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 Table of Contents  
Year : 2016  |  Volume : 36  |  Issue : 6  |  Page : 246-248

Acute limb ischemia due to Candida tropicalis mitral valve endocarditis

Department of Surgery, National Defense Medical Center, Division of Cardiovascular Surgery, Tri-Service General Hospital, Taipei, Taiwan

Date of Submission02-Aug-2016
Date of Decision27-Aug-2016
Date of Acceptance11-Sep-2016
Date of Web Publication21-Dec-2016

Correspondence Address:
Chih-Yuan Lin
No: 325, Section 2, Cheng-Kung Road, Neihu 114, Taipei
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Source of Support: None, Conflict of Interest: None

DOI: 10.4103/1011-4564.196376

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Fungal endocarditis is a very rare entity and is associated with high morbidity and mortality rates. We report a 68-year-old man with fungal valvular endocarditis over the mitral valve with a large vegetation located over the anterior leaflet, presenting initially as acute limb ischemia of the left lower limb. Immediate embolectomy was performed for revascularization of the left lower limb. Pathologic section of the retrieved femoral embolectomy specimen revealed aggregated fungal spores and hyphae. Blood cultures were positive for Candida tropicalis. We should be alert to treat patients with acute arterial occlusion of the extremities and to investigate the underlying possible fatal etiology.

Keywords: Fungal endocarditis, thrombus, acute limb ischemia

How to cite this article:
Chuang HC, Chen HY, Tsai CS, Lin CY. Acute limb ischemia due to Candida tropicalis mitral valve endocarditis. J Med Sci 2016;36:246-8

How to cite this URL:
Chuang HC, Chen HY, Tsai CS, Lin CY. Acute limb ischemia due to Candida tropicalis mitral valve endocarditis. J Med Sci [serial online] 2016 [cited 2022 Jan 16];36:246-8. Available from: https://www.jmedscindmc.com/text.asp?2016/36/6/246/196376

  Introduction Top

Fungal endocarditis is a serious condition usually seen in immunologically suppressed and severely debilitated patients. It not only destroys valvular structures but also produces vegetations. It occurs rarely, accounting for only 2%-4% of all cases of endocarditis. [1] Arterial embolization is one of the major complications of fungal endocarditis and occurs most frequently in the lower limbs. [2] The diagnosis and treatment of fungal endocarditis and septic embolism are the challenges for the clinical physician. We report our experience of treating a patient in whom occlusion of the left femoral artery developed secondary to endocarditis caused by Candida tropicalis.

  Case Report Top

The patient was a 68-year-old Taiwanese man who presented at our hospital with a 3-day history of progressive left leg numbness and weakness. On the day of admission, his left leg and foot became cold and cyanotic to the extent that he could not move it at all. His medical history included hypertension and Type 2 diabetes mellitus for 20 years. He had undergone hemodialysis three times per week for end-stage renal disease within the last 8 years. His temperature was 38.3°C, heart rate 112 beats/min, respiratory rate 20 breaths/min, and blood pressure 135/80 mmHg. On physical examination, the left leg was cold compared with the right leg, and there was no pulse over the left popliteal and dorsalis pedis arteries. There was a grade III-IV holosystolic murmur over the apex on cardiac auscultation. Initial laboratory results showed severe leukocytosis, with a leukocyte count of 23,790 and hemoglobin level of 7.7 g/dL. Levels of both creatine phosphokinase (665 U/L) and D-dimer (3478 ng/mL) were elevated. Contrast-enhanced computed tomographic angiography (CTA) of the bilateral lower extremities showed a total occlusion of the distal segment of the left superficial femoral artery [Figure 1]a.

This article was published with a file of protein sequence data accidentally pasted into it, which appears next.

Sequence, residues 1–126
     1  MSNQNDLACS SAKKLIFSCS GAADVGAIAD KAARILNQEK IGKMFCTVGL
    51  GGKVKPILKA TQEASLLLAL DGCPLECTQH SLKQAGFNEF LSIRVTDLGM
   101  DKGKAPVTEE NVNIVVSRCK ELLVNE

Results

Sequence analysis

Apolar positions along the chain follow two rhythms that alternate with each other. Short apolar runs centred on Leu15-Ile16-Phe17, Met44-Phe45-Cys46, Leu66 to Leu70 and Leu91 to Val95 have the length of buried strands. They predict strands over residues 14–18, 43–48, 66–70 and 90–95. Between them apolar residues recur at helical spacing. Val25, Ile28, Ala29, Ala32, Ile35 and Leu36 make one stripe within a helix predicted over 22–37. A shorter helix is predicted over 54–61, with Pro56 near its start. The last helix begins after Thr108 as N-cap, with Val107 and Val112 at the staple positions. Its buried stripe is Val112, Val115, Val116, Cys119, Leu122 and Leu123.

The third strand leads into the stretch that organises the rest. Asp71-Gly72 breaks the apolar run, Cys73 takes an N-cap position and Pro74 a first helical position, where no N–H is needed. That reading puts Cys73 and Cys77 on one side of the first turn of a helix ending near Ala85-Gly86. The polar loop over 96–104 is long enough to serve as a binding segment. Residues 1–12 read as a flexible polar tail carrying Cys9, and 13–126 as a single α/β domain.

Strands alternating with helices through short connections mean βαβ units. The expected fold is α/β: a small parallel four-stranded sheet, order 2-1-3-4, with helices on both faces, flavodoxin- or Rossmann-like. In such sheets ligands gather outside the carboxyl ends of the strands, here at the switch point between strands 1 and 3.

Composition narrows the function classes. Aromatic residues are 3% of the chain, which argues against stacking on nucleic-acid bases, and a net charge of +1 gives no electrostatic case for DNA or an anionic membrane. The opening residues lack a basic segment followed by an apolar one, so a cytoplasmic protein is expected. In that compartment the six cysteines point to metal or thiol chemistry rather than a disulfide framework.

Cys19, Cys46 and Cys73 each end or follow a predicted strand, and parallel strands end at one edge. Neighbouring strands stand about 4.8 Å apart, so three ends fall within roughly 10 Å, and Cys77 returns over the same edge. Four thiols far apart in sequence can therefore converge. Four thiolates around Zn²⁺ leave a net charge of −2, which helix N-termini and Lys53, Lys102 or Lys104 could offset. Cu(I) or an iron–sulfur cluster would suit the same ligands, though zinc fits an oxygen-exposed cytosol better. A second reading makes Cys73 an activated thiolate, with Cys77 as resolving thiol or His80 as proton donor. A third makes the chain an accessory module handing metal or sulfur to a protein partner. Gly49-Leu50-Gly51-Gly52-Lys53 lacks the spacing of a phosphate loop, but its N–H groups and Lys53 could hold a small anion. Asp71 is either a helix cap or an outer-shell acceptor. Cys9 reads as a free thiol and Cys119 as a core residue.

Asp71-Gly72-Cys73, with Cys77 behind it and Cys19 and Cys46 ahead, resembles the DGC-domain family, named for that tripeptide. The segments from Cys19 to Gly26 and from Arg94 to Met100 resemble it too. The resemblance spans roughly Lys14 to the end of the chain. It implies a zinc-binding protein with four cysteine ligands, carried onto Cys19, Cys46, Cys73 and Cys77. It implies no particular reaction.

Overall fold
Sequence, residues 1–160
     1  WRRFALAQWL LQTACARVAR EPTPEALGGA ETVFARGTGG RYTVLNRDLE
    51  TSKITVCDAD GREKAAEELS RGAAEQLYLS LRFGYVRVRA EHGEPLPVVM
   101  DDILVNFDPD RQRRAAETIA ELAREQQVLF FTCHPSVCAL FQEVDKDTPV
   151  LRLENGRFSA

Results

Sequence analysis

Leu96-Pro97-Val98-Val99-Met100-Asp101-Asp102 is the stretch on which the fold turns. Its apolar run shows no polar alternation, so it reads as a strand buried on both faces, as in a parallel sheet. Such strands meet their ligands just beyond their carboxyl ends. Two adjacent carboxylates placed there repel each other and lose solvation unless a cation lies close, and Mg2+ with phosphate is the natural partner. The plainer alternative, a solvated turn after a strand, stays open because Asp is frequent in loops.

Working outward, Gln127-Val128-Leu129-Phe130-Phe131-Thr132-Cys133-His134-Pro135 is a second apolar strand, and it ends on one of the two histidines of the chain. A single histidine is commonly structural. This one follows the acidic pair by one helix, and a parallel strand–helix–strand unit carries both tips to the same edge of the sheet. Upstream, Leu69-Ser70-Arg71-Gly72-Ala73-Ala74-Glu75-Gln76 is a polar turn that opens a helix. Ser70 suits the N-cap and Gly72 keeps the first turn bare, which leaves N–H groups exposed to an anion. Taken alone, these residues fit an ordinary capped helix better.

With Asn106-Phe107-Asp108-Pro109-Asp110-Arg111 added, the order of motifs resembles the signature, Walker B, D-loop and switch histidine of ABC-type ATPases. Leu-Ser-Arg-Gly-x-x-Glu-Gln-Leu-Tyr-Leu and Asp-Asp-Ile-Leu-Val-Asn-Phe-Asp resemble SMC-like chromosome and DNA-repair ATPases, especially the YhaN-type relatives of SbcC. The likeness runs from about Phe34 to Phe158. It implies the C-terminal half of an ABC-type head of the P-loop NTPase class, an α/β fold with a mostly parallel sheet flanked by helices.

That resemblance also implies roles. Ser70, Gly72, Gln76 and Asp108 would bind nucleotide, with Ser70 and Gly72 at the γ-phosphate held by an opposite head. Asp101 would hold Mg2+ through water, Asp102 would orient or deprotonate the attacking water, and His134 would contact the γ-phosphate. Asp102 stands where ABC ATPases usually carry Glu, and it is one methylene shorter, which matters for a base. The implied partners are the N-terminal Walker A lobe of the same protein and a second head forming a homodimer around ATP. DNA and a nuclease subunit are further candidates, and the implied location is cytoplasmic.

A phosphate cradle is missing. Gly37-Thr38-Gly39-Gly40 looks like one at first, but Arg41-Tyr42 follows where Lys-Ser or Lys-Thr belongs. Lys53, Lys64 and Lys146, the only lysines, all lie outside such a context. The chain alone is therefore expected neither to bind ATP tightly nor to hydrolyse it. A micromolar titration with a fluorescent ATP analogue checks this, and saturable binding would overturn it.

Figure 1: (a) Total occlusion of the distal segment of the left superficial femoral artery is demonstrated by contrast-enhanced computed tomographic angiography of the bilateral lower extremities. (b) Transthoracic echocardiography shows a large vegetation about 2.8 cm × 2.3 cm in size located over the anterior leaflet of the mitral valve. LV: Left ventricle; LA: Left atrium. (c) Grocott's methenamine silver stain (×400) identified aggregated fungal spores and septated hyphae from the thrombotic material extracted at embolectomy.

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The patient was taken to the operating room for emergency embolectomy through the left femoral artery. A fibrin thrombus with inflammatory debris, which was dark-brown in color and soft in consistency, was removed from the left femoral artery. Transthoracic echocardiography revealed severe mitral regurgitation and a large vegetation measuring approximately 2.8 cm × 2.3 cm located over the anterior leaflet of the mitral valve [Figure 1]b. Broad-spectrum antimicrobial treatment with cefepime and fluconazole was commenced. Blood cultures grew C. tropicalis. The histopathologic findings of the retrieved thrombus were consistent with a blood clot and foci of aggregated fungal yeasts and hyphae [Figure 1]c. C. tropicalis endocarditis of the mitral valve was diagnosed. Surgical intervention was advised, but the patient's family refused to consent to the operation and requested conservative medical treatment. Twelve days after admission, the patient had an acute change in the level of consciousness, with a Glasgow Coma Score of 3. Brain magnetic resonance imaging showed multiple acute lacunar infarctions involving the bilateral hemispheres and pons. These were consistent with embolic showering. His condition continued to deteriorate, and he died 33 days after admission.

  Discussion Top